Leigh Wood exacts revenge by defeating Mauricio Lara in the rematch to reclaim the featherweight championship.

The British overpowered an overweight opponent who came out flat with his power shots.

On Saturday, Maurico Lara’s disastrous week came to an end when he lost to Leigh Wood by unanimous decision. Wood won the rematch and the WBA featherweight title. Despite the fact that Lara had already lost the title due to severely missing weight before the bout, her lackluster performance did little to lessen the pain of losing the crown.

The British Boxing Board of Control made it apparent during a weight check on Wednesday that they would not permit Lara to lose the weight he would need to lose in order to fight on Friday within the featherweight limit. Lara weighed about four pounds over than he should have and fought 12 rounds like a fighter who wasn’t in the best of shape.

Lara prevailed in their first encounter, outboxing Wood for six rounds before a devastating left hook knocked him out and prompted his camp to concede defeat. On Saturday, the situation in Manchester, England, was drastically different.

Lara was sent to the ground by Wood’s powerful right uppercut in the second round. Lara was able to stand up quickly and keep fighting, but the exchange changed the dynamic of the battle by demonstrating that Wood had the power to knock Lara to the ground.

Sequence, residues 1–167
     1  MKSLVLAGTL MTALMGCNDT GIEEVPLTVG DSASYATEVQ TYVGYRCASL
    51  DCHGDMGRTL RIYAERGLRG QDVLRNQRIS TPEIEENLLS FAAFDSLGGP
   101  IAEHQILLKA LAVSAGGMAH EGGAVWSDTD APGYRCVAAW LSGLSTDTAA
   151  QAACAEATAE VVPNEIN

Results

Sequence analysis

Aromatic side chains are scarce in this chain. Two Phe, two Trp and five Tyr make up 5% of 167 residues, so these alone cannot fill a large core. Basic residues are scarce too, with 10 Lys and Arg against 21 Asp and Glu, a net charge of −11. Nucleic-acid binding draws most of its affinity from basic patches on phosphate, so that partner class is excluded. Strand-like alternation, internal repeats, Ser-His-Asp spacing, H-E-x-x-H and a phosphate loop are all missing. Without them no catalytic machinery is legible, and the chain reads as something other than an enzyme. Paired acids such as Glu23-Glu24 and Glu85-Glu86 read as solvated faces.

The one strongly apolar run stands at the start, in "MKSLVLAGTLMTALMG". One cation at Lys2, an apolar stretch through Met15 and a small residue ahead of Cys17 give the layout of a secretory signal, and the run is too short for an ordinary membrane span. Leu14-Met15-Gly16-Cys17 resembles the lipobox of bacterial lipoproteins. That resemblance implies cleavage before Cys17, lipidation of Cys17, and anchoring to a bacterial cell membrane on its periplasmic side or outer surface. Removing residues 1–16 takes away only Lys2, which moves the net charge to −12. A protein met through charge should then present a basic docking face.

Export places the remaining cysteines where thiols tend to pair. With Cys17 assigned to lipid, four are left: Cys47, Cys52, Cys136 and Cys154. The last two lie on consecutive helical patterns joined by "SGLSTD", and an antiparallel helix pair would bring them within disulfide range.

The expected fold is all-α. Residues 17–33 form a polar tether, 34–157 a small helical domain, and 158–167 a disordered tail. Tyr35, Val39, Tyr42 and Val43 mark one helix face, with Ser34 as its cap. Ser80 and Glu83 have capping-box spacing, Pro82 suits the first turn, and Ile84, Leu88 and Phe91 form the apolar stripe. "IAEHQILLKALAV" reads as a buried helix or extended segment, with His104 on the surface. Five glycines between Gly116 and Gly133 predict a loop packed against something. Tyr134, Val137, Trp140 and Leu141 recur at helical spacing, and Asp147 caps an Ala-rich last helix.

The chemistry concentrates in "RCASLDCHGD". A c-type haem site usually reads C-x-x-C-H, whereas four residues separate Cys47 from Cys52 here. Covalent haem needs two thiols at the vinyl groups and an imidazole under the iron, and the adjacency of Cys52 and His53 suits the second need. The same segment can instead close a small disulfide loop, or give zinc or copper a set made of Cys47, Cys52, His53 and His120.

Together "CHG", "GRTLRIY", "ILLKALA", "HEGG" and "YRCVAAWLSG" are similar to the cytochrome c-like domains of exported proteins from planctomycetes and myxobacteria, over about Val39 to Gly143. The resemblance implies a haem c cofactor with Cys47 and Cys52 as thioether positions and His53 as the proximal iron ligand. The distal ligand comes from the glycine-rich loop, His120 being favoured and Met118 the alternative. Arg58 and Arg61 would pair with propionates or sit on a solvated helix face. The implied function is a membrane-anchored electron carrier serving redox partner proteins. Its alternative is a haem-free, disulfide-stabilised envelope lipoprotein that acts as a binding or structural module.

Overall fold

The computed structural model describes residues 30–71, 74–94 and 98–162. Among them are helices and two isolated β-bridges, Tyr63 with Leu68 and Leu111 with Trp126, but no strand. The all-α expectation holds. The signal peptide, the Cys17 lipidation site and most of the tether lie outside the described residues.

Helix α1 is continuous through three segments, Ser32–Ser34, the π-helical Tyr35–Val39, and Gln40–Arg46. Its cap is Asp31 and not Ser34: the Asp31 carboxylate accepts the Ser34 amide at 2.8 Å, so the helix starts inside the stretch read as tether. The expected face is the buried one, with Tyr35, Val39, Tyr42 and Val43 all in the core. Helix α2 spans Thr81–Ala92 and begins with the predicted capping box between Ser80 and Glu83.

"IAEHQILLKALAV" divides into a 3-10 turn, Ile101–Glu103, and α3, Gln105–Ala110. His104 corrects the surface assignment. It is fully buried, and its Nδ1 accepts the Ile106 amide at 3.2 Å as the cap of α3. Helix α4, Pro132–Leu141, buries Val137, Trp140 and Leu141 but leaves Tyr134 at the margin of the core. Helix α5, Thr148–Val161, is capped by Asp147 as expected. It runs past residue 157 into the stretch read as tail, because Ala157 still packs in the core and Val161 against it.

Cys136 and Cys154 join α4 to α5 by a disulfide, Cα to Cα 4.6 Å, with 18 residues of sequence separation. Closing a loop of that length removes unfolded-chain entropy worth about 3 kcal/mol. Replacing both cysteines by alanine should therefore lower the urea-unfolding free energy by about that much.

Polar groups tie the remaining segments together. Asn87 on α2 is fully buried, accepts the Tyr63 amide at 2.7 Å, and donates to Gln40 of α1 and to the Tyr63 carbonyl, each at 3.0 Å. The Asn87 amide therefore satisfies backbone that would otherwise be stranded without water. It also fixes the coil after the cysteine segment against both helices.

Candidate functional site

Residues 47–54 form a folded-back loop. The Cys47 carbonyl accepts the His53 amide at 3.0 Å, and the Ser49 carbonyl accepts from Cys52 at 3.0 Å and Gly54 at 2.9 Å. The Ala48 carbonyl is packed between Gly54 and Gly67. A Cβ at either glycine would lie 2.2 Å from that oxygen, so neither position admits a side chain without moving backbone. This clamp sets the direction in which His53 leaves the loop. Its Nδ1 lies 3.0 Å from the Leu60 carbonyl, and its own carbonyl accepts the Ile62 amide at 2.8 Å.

Similar to the first battle, Wood’s straight right frequently broke through Lara’s defense to land powerful blows. Lara failed to gain any momentum at all, and Wood capitalized on that by being the busier man and consistently maintaining distance.

If Lara’s weight issues had an impact on his conditioning, Wood’s continuous attention on jabbing at his body did not help. When Lara did enter and make an effort to release his grip, Wood merely closed his fists around him, stifling his movements.

Lara stayed largely on his back foot and appeared to be searching for a single counterpunch to end the fight as he continued to lose the boxing battle round after round. Although such tactic may have been successful in February, the scorecards for the rematch were lopsided.

Wood’s second reign as the featherweight world champion began with the official scorecards reading 118-109, 118-109, and 116-111.

After the bout, Wood remarked, “What a feeling.” “You know, I’ve had a fairy story career, and this time I got my f—ing fairy tale finale. 10 pounds is fine. I wasn’t going to lose tonight.